Pharmaceutical News
What Taiwan needs is a quality-oriented healthcare reform

Dr Huang Da-Fu/ Superintendent of the KFSYSCC

It’s inevitable that in the future, AI will play an important role in healthcare system.  However, we should not forget that AI is just a tool which can improve the quality and efficiency of healthcare.  In fact, health policies and reimbursement system have the most profound impact on the public’s welfare. 

Michael Porter mentioned value-based healthcare in his book “Refining Healthcare”.  Porter pointed out that “fee-for-service” reimbursement system only contributes to higher health expenses without delivering healthcare quality.

Therefore, he suggests that the healthcare industry should embark on a reform and shift the focus from quantity to quality; and the reimbursement system should reward healthcare quality and treatment results.

Western experts and scholars have been working on various indexes for monitoring healthcare quality and promoting “payment-by-result” reimbursement methods.  It shows that when healthcare providers follow the evidence-based healthcare guidelines and reduce the discrepancy in treatments provided by doctors, it can enhance the healthcare results and lower the cost.

In Taiwan, there are constant reports about sweat hospitals, overworked doctors and nurses, medical disputes, etc.  However, the discussions about healthcare reform are rare. 

The NHI spending is under 7% of the GDP.  In Taiwan, the private market is about the same size as the NHI market.   Most of the spending in the private market is on healthy food, expensive tests and advanced therapies.  But, whether the spending is worthwhile still requires discussion.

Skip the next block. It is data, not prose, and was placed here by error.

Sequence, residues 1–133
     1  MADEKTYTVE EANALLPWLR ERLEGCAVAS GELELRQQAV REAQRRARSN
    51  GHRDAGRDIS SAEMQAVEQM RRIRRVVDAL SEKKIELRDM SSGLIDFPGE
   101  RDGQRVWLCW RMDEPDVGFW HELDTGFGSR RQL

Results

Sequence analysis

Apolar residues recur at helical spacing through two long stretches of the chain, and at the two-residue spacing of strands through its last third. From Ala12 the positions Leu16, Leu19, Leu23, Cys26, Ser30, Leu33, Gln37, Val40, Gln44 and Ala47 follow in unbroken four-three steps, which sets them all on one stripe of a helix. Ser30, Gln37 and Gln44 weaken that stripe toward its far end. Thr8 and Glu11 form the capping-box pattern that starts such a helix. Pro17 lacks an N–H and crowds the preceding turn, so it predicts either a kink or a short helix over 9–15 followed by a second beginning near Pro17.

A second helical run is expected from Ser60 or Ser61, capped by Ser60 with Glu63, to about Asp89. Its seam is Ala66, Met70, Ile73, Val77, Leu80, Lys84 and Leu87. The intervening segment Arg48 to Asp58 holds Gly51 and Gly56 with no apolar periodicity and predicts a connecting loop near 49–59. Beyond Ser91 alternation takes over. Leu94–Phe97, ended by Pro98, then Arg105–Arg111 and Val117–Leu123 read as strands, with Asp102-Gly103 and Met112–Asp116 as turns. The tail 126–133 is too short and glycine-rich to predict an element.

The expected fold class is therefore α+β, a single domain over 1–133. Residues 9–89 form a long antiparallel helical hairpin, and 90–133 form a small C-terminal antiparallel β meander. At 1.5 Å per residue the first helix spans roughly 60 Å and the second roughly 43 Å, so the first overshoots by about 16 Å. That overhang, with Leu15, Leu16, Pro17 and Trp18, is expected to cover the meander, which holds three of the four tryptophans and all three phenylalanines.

Though the NHIA has not yet found methods to effectively control waste and abuse, punishments are in place as a remedial measure.  However, the private market is beyond the NHIA’s control; hence, the waste and abuse of resources are quite common.  For example, evidence shows that it is more harm than good to use low-dose CT scan for lung cancer screening in non-high risk patients.  However, this practice is quite common in big hospitals in Taiwan.

Healthcare is not only a non-profit business, but also a charitable business.  The “fee-by-service” reimbursement system has caused the waste and abuse of resources.  Low payment prices have driven hospitals to provide unnecessary services and to persuade patients opt for private treatments.  Patients become victims due to information asymmetry.

The public must have the awareness of their health condition and take control of it.  Apart from leading a healthy lifestyle, the public should be proactively involved in the healthcare reform and support a quality-oriented system.  When hospitals keep their expense accounts and treatment results in the public domain for the public’s access, patients will then have sufficient information to choose the most appropriate service.  Finally, profit-driven hospitals will be forced out of the market.

【2018-02-06/ United Daily】